It was in the spring when Channing Tatum did something magnificent. On April 21st, 2017, he brought Magic Mike Live! to the Hard Rock Hotel & Casino in Las Vegas. Tatum is the creator and co-director of Magic Mike Live!, a grand choreographed production that echoes the original attractions of the Magic Mike movies. Like the movies, Magic Mike Live! has ridiculously hot men on stage who tease their audience with exceptional dance moves. After a very enthusiastic response to the show in Vegas (with advanced ticket sales raking in $2.5 million) and seats that are still highly in demand, Tatum’s production has expanded to London. On November 28th, 2018, Magic Mike Live! will open to the public at the Theatre at the Hippodrome Casino.
What inspired Tatum to start this steamy production in the first place? “God knows we have enough gentlemen’s clubs in this world, so let’s start the first gentle-ladies’ club—or maybe not so gentle, depends on what you’re into,” Tatum said in a Facebook video clip when he first announced the birth of Magic Mike Live! Indeed the world is filled with gentlemen’s clubs. And here, Tatum’s show offers every oiled ab and every chiseled jawline for a woman’s gaze, if she is attracted to men. But let’s, for a moment, put the immensely popular performance that is Magic Mike aside.
What about the ordinary male strip clubs sprinkled across bustling metropolises like L.A. or Chicago? Are they expanding as well? More importantly, are these clubs trying to subvert centuries of the heterosexual male gaze by creating physical spaces exclusively for the female one?
I attempted to find the answer to that question as I planned my friend’s 30th birthday this year—turns out that my friend wanted to ring in her third decade by objectifying men’s six packs. So, I Googled male strip clubs in N.Y.C. The search engine yielded a result of exactly six clubs in the city.
I checked my watch. It was 9:30 p.m. By the time my friend and I would roll into the city from Brooklyn, all the male strip clubs in N.Y.C. would be closed. I stubbornly refreshed the search engine. The pithy list of male strip clubs, however, continued to stare back at me before turning into a list of (surprise) countless gentlemen’s clubs, almost all of which were open until 4 a.m. Ultimately, my friend and I ditched the effort and instead headed to a boring rooftop where we overpaid for vodka sodas. But a week after my friend’s birthday, the lack of accessible spots for the female gaze rattled my feminist leaning brain. Why do straight men have entry to a sexual fantasy in the flesh at almost every hour, while women hardly have any?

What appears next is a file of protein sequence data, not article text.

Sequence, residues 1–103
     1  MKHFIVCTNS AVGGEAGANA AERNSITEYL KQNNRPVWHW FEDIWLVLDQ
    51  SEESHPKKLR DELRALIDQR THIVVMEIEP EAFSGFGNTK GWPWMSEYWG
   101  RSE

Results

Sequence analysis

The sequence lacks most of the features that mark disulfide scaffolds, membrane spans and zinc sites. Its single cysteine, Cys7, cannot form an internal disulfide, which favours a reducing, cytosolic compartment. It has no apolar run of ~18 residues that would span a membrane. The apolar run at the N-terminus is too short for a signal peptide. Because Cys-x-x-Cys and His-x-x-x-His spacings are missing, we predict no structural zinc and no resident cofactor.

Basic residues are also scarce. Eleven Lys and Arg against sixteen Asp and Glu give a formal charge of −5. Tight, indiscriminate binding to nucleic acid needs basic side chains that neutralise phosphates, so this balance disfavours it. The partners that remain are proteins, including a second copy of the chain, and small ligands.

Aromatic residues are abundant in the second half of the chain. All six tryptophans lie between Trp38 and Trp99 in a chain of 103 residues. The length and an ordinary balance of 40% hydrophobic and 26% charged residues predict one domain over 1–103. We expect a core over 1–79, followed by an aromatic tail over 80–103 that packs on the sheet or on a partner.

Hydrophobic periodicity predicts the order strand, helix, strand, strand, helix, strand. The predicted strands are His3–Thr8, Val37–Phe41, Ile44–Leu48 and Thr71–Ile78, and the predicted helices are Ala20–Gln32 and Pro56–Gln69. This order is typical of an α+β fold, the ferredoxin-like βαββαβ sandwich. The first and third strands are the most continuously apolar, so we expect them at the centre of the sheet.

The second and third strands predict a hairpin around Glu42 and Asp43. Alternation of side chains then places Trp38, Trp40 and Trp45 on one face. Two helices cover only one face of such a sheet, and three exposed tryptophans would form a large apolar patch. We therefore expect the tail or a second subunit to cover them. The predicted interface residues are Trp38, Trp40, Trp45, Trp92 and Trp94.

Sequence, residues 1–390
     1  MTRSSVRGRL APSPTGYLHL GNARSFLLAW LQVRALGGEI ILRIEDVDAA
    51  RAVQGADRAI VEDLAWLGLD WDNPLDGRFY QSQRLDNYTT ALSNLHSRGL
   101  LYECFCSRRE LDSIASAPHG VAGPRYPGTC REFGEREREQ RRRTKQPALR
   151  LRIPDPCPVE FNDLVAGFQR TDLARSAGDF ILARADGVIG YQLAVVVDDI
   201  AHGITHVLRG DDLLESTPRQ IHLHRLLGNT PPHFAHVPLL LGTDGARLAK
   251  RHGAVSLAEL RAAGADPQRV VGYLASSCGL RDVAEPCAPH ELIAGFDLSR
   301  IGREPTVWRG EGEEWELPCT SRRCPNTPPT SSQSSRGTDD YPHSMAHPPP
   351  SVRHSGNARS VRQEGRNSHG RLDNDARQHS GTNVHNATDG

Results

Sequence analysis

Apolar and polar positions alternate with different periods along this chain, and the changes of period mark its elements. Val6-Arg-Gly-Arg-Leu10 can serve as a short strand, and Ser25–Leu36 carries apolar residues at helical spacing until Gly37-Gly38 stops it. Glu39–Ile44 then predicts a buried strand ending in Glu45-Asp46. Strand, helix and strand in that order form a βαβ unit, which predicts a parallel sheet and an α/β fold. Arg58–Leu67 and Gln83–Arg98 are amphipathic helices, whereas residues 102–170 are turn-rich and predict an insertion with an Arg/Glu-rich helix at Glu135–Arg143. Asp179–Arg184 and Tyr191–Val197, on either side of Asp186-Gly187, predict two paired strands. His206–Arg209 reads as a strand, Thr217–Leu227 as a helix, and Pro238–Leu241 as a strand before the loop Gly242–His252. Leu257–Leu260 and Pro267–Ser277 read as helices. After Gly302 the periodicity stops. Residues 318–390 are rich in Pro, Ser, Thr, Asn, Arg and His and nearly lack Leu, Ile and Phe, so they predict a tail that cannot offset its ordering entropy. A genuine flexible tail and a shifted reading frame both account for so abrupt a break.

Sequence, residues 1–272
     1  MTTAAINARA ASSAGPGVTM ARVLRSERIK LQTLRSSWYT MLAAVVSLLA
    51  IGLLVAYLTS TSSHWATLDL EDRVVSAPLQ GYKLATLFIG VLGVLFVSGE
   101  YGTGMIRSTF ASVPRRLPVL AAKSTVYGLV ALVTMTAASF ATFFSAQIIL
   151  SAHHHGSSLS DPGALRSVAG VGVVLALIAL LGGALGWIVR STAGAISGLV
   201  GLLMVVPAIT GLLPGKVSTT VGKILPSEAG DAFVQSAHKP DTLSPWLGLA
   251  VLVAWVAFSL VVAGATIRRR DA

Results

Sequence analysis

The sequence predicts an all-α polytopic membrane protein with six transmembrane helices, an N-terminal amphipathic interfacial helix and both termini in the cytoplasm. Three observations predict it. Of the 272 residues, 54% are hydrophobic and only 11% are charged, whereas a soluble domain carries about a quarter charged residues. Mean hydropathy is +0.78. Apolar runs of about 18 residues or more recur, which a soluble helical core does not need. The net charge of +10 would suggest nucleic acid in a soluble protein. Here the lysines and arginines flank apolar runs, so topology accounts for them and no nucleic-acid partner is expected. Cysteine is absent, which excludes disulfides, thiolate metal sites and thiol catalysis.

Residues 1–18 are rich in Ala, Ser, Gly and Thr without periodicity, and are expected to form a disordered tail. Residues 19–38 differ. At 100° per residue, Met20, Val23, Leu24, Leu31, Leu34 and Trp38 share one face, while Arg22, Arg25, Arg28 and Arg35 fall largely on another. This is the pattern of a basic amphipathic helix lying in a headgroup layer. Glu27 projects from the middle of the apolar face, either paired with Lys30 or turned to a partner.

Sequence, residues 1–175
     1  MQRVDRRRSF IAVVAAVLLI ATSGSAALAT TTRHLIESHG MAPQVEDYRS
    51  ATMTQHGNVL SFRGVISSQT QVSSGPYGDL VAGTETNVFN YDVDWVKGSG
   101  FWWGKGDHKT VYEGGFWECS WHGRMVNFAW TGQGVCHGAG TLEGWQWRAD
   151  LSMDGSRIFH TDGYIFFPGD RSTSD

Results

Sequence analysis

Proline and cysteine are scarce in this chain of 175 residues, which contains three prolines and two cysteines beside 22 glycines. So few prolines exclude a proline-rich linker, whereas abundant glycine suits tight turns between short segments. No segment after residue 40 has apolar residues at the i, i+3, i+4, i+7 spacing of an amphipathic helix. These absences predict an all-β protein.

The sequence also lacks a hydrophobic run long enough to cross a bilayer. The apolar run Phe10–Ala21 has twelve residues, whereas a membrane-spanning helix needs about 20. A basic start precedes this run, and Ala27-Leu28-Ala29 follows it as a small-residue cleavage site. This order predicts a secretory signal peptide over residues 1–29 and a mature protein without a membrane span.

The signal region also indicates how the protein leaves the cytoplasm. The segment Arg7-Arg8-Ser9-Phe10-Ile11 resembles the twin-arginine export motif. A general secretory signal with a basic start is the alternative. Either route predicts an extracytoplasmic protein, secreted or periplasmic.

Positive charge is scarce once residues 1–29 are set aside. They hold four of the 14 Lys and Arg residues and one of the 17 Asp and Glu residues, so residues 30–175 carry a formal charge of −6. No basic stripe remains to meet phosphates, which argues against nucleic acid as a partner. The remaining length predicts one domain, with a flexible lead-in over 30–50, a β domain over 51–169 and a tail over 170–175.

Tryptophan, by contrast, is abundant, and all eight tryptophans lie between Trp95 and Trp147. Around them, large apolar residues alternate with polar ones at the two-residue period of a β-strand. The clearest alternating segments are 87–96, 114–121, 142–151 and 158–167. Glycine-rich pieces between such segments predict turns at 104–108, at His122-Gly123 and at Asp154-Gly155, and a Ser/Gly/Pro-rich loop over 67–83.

“Business reasons,” Scott Layne Wisman, the manager of Hollywood Men Male Strip Club in L.A. told me. Wisman explained that people who manage male strip shows may not be the same people who own the club where the show takes place. Often, strip show managers and nightclub owners collaborate on male stripper shows in order to draw a greater profit. First, the managers organize a booze-fueled, flirty two-hour male stripper production to attract a crowd of straight women. Once the show is over, the space where the strippers danced reverts to a regular nightclub, where both guys and girls are invited to party. Wisman said that after the show, “men come through the front door and can be pleasantly surprised to find a room full of women dancing and drinking.” He also said that Chippendales, which is perhaps the most famous male entertainment brand, created the paradigm for this business model—one that is lucrative for traveling male revues and for smaller, local nightclubs as well.
“Ladies see the stripper show and word gets out to all the guys that that’s where the single women are,” Wisman explained. The men, flocking to the club after the show, are prone to buy drinks for the women, thereby making several thousand dollars in gross bar revenue for the club. In this partnership, managers of the male stripper shows also benefit. They’re able to split operation costs with the nightclub and save money while still drawing a crowd.